Social media is where it’s at. It used to be that audiences were fairly silent. After all, you couldn’t really give immediate feedback to a television show or radio program, aside from changing the channel. Sure you could write a letter, or even an email, but who knew if you would ever get a response. Perhaps you’ve eagerly scoured the “Letters to the Editor” section of the paper or your favorite magazine, waiting to see if your feedback had been “chosen” for publication. These days with the onslaught of Twitter, Facebook, Google+ and the multitude of other social media avenues, connecting with visitors is something that mainstream media was sorely lacking in. Now it’s readily available and fans find their favorite shows, blogs, websites and celebrities more accessible than ever.
So as a blogger, surely you have questions about how important these avenues are for your blog’s success. Yvette of Abernathy Crafts writes “Is it necessary to be on Twitter and Facebook in order to get more traffic and have a successful blog? By successful, I mean substantial commenters and subscribers. I don’t plan on using my blog as a financial source. Yet. But I do spend a lot of time on it and it would be nice if it wasn’t in vain. I also have four kids and am in school so I don’t have any more time to give.”
First of all what’s absolutely most important is whatever it is that you are most comfortable with. That’s the beauty of blogs. It’s your venue, a place for you to share your creativity, stories, photos, whatever you’ve chosen to blog about. How rapidly you want that blog traffic to grow is up to you and is determined by the amount of time you are willing and/or able to dedicate to it. Family is most important, so you’ll need to decide where that balance is and where on the priority list your blog falls.
With that said, Twitter and Facebook are most definitely an important part of your blog’s overall growth plan. Connecting with your readers is invaluable! When a reader can post feedback on your Facebook page or send you a tweet, they are directly connected to you without standing on your actual door step. However, you are an important piece of that puzzle. Readers can tweet and post to their heart’s content, but if you aren’t responding, you’ll lose credibility. Squeezing in 10 minutes per day to answer tweets and posts on Facebook is definitely worth your while.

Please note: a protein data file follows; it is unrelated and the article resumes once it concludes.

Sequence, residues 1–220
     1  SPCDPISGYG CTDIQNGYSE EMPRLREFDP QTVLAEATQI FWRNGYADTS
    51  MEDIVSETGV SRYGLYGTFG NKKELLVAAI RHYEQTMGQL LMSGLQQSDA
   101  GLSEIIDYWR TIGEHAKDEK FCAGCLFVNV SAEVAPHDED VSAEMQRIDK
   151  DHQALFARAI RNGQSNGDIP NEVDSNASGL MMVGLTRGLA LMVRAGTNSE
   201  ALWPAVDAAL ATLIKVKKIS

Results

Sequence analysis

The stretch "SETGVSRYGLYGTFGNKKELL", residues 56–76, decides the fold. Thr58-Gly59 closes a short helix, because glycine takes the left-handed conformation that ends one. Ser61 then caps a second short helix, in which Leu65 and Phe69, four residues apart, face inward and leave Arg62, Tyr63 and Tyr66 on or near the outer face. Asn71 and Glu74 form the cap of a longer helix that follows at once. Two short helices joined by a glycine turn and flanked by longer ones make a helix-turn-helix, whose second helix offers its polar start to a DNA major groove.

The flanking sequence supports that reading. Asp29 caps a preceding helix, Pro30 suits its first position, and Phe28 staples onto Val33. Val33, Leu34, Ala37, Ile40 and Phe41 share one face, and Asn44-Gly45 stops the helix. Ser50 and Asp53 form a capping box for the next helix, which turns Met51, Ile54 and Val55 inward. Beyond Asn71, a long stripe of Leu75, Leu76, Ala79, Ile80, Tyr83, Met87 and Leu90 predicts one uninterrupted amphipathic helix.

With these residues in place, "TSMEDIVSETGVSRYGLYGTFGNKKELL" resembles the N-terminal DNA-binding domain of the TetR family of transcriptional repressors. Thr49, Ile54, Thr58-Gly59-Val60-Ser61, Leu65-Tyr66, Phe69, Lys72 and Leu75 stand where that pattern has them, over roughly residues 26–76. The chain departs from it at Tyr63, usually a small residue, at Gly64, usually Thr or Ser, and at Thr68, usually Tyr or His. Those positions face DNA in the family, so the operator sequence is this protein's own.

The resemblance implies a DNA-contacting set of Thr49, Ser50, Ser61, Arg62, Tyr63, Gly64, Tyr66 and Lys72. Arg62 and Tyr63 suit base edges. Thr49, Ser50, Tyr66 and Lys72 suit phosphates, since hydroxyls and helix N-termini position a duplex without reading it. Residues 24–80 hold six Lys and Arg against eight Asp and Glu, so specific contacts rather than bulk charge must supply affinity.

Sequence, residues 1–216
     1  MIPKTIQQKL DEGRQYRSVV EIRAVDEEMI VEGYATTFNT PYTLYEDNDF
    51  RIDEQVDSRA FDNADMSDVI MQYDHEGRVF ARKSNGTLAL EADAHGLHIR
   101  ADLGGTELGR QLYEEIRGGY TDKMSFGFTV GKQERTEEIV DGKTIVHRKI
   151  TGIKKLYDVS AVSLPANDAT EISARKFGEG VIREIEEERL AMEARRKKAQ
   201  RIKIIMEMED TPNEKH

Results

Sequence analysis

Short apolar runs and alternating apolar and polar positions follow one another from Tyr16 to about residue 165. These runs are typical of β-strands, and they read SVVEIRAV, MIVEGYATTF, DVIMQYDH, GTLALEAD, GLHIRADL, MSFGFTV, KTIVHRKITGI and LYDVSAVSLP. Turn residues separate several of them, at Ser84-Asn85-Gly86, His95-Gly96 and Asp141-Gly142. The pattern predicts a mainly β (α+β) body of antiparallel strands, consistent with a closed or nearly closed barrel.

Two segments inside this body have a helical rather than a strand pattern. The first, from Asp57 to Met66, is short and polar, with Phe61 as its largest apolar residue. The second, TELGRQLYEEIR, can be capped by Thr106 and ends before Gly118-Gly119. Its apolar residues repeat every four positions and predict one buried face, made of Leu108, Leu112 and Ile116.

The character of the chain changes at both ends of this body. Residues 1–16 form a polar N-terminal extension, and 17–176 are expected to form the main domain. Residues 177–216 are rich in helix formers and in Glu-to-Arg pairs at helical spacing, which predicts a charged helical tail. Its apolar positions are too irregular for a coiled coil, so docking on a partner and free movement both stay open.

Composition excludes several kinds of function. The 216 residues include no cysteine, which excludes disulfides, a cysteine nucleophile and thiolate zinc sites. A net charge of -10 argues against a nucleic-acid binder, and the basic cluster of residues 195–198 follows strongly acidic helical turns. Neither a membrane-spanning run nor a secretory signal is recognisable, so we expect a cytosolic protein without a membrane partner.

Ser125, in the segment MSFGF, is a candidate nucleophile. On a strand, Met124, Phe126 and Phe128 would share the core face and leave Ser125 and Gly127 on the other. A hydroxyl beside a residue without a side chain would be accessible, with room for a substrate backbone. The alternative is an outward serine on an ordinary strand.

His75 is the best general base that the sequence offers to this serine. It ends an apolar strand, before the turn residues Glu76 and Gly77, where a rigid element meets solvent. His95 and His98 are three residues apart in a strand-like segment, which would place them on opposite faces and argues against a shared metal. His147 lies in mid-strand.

Yvette mentioned that one of her indicators of success is measured by how many comments her blog receives. This does not necessarily tie in with social media, as social media has its own form of commenting and most people are not going to comment twice (once on Facebook or Twitter, and then again on your blog). If it’s more comments you are after there are quite a few resources here at Crafterminds that can help you solve that puzzle.
Here are a few articles regarding comments:
Facebook is an important part of growing your blog traffic. According to Mashable, Facebook is expected to hit the 1 billion user mark by August of 2012. “The company claimed 800 million users in September, so it’s not surprising that claiming membership of one-seventh of humanity is now within the social network’s grasp.” One seventh of humanity. That’s a pretty amazing statement. Wouldn’t you want your blog, your business, to be a part of that? Certainly you won’t reach them all, but putting yourself out there is definitely in your best interests.
Mashable also reported that Twitter has surpassed the 500 million user mark. Again, you won’t reach them all, but by getting yourself out there you are exposing your blog to far more than you were ever able to before. You don’t have to be a twitter power user to participate. Just be sure to watch your “mentions”, reply to questions, and don’t just post links to your blog. Talk to people, retweet other tweets that you find interesting. 5-10 minutes per day is a great way to start and get noticed.
There are several forms of social media, Facebook and Twitter being the most mainstream. There’s also Stumble Upon, Digg, Four Square, Instagram, etc, etc. The list goes on. Don’t overwhelm yourself, just start small and get acclimated to one or two at a time. Take into consideration your family time, work, blog posting, and your social life. Do what is best for you and you will find your path to blogging success.
Here are some other articles on Crafterminds regarding social media that you may find helpful: